Runtime memory faults during production run should be more thoroughly addressed because they severely affect system availability. This paper proposes a method for mitigating memory faults during production runs of deployed software, thereby ensuring normal system operation until patches to fix the faults are delivered. Furthermore, the method helps enhance debugging efficiency by providing accurate on-site fault information used by developers to release timely patches. The core of the method is to offer information tagging to identify runtime faults and a fault survival algorithm to provide differentiated fault mitigation according to the runtime state. We implemented ROPHE on a Linux 2.6 platform and conducted an empirical study of representative Linux applications. The results show that the average fault-handling rate among the applications is 35.75%, whereas the RemOte runtime Protection for High-risk Error (ROPHE) greatly improves capacity to an average of 91.94%. Specifically, the fault-handling rates of the applications ranged widely from 7.32% to 62.96%, while ROPHE provided fault-survival rates in the relatively narrow range of 82.35-97.44%. The experimental results show that the proposed method guarantees the same level of reliability for all applications regardless of their individual fault handling capacity.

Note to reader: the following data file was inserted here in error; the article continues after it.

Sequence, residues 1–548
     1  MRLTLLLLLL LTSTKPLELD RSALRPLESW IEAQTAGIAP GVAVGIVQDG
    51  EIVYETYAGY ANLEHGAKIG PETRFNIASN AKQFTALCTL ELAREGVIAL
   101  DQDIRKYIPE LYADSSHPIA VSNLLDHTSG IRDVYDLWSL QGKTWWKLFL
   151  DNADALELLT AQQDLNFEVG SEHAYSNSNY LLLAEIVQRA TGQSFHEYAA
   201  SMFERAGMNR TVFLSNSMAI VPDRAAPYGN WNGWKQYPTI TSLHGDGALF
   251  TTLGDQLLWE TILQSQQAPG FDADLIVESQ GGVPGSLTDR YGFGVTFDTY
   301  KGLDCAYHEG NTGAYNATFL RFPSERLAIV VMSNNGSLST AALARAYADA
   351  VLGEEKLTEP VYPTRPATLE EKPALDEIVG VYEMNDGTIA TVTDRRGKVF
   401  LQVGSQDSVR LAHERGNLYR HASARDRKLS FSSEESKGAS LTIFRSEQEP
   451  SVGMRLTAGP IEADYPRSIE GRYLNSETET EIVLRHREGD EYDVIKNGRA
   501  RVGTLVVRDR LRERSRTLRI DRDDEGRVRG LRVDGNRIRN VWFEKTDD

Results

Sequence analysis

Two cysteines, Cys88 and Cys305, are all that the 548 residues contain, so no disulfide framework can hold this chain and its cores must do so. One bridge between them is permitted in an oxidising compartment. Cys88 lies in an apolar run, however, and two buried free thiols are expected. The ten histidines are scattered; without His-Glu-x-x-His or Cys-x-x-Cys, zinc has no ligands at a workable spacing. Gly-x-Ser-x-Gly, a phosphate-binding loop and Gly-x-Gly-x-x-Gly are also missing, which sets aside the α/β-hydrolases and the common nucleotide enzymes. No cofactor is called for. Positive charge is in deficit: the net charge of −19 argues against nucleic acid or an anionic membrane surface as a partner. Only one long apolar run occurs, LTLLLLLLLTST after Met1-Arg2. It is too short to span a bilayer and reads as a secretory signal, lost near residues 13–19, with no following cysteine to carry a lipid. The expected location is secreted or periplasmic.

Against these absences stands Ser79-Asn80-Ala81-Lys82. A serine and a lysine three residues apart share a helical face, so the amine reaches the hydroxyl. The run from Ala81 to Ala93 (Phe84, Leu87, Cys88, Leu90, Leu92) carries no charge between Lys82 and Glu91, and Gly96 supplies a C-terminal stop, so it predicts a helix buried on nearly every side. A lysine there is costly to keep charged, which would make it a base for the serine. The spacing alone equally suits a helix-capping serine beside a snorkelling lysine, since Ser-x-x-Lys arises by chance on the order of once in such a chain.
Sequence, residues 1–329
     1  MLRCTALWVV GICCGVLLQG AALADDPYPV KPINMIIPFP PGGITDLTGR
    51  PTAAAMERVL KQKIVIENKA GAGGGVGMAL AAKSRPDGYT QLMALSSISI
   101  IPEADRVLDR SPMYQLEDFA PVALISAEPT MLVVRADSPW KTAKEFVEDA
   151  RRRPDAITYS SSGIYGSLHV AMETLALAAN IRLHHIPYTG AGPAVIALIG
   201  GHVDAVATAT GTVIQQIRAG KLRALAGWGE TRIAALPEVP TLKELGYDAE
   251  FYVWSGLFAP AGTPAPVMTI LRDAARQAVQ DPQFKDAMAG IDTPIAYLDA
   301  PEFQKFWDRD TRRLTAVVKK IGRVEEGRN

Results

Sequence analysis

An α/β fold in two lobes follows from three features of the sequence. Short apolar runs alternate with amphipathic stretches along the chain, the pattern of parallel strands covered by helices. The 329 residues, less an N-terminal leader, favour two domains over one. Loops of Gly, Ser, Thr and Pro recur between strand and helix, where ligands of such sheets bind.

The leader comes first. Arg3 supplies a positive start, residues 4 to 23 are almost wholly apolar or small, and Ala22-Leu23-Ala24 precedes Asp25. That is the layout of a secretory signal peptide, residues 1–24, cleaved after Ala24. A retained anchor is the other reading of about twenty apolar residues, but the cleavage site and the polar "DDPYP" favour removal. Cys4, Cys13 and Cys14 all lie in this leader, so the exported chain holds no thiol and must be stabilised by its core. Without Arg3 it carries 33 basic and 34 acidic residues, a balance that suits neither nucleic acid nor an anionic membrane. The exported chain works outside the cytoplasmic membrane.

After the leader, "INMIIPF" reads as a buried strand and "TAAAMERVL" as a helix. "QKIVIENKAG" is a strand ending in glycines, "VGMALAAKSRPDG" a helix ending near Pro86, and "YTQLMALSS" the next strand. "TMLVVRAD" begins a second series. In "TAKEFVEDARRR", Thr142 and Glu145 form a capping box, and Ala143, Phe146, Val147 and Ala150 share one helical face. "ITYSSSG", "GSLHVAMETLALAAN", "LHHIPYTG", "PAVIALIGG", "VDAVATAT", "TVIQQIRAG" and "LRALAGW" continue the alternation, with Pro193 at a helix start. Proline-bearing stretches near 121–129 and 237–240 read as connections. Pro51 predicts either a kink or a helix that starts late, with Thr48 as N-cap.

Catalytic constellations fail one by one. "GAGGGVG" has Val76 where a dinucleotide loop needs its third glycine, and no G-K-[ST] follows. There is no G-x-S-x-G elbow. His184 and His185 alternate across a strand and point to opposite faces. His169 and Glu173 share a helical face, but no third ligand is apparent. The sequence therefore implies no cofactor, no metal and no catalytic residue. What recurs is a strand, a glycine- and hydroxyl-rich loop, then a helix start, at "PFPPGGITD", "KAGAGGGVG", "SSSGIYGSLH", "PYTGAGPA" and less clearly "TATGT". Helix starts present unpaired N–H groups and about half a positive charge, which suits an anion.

- deployed software reliability
- fault mitigation
- fault survival
- runtime memory fault